A jury of 13 high-ranking military officers on Friday convicted Army Maj. Nidal Hasan on all 13 counts of murder and 32 charges of attempted premeditated murder for his 2009 shooting spree at Fort Hood. His conviction is far from a surprise given the former Army psychiatrist had previously admitted that he carried out the attacks and never mounted much of a defense during his trial. The Associated Press explains what was really at stake:
Because Hasan never denied his actions, the court-martial was always less about a conviction than it was about ensuring he received the death penalty. From the beginning of the case, the federal government has sought to execute Hasan, believing that any sentence short of a lethal injection would deprive the military and the families of the dead of the justice they have sought for nearly four years. ... In the next phase of the trial, they must all agree to give Hasan the death penalty before he can be sent to the military's death row, which has just five other prisoners.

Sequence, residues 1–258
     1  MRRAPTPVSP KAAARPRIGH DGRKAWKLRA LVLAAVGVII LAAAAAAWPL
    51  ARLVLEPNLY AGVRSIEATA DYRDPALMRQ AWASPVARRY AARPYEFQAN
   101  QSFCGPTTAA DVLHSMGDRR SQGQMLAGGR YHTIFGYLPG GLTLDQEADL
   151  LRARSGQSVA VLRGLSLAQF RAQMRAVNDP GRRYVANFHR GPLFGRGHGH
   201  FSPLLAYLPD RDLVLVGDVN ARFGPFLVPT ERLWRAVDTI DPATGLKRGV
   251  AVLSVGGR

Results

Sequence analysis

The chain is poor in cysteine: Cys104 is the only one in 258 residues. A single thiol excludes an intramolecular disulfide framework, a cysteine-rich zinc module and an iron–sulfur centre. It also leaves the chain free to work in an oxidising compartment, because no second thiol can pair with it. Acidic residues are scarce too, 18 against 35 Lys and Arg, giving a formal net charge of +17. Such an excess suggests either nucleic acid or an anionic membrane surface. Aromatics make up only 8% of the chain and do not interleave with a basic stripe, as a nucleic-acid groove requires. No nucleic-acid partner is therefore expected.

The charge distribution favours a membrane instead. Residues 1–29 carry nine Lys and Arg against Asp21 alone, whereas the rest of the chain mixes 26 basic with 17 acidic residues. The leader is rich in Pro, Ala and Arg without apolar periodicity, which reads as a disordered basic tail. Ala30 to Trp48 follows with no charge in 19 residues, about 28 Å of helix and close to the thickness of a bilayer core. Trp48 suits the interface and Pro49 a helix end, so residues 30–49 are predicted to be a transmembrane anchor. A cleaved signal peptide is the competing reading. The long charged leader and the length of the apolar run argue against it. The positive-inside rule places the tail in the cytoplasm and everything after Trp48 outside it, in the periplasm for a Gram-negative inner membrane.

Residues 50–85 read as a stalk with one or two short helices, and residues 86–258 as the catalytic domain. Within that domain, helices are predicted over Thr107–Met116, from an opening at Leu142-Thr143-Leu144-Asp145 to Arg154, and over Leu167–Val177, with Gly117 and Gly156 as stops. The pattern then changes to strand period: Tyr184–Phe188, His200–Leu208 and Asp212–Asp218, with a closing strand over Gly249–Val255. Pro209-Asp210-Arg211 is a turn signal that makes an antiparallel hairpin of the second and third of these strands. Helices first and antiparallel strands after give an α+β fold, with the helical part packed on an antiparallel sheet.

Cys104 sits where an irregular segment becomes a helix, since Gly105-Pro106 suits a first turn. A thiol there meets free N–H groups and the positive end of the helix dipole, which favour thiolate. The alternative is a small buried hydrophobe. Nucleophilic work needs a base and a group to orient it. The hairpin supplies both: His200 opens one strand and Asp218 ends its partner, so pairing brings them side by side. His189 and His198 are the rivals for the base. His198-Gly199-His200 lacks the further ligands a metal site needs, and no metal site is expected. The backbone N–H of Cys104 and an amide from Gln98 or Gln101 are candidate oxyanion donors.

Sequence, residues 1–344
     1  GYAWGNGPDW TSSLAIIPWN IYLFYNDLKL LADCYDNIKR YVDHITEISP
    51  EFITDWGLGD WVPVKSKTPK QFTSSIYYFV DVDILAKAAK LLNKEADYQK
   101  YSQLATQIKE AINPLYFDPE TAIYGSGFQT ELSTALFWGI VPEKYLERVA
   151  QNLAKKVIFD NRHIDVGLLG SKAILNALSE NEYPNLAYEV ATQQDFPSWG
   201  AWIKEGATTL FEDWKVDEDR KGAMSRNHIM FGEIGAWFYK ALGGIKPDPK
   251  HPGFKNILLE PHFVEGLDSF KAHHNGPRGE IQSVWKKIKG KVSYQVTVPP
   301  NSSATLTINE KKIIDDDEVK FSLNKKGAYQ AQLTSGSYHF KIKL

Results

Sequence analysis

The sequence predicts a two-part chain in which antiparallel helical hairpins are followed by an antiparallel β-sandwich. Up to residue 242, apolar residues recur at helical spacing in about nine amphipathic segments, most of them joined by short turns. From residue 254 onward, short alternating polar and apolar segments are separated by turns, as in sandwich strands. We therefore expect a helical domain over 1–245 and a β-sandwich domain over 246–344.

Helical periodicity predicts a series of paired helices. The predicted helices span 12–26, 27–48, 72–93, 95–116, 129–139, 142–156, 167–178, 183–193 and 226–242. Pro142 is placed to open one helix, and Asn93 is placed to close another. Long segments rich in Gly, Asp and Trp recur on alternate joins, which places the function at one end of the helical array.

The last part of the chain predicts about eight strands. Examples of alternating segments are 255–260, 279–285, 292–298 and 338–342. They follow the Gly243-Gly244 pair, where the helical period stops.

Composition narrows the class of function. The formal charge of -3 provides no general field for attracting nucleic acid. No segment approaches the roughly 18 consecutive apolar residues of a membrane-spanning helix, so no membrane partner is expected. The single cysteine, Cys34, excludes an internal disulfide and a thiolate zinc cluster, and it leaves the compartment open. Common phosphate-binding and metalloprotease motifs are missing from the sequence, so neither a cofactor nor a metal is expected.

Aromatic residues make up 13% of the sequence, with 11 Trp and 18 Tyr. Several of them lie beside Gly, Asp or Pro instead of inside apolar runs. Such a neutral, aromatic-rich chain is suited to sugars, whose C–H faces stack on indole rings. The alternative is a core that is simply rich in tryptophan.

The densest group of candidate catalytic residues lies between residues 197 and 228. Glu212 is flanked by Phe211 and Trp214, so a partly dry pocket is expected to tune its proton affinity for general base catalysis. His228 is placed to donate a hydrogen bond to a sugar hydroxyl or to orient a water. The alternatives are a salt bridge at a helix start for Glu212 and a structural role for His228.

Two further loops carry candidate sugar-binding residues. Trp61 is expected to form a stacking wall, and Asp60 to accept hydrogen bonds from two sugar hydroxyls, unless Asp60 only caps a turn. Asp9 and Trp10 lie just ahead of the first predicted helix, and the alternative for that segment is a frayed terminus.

The sentencing phase will likely begin with additional testimony from survivors of Hasan's rampage inside an Army medical center. If the jury is unable to unanimously agree on giving the soldier the death penalty, the 42-year-old Hasan would likely spend the rest of his life in prison.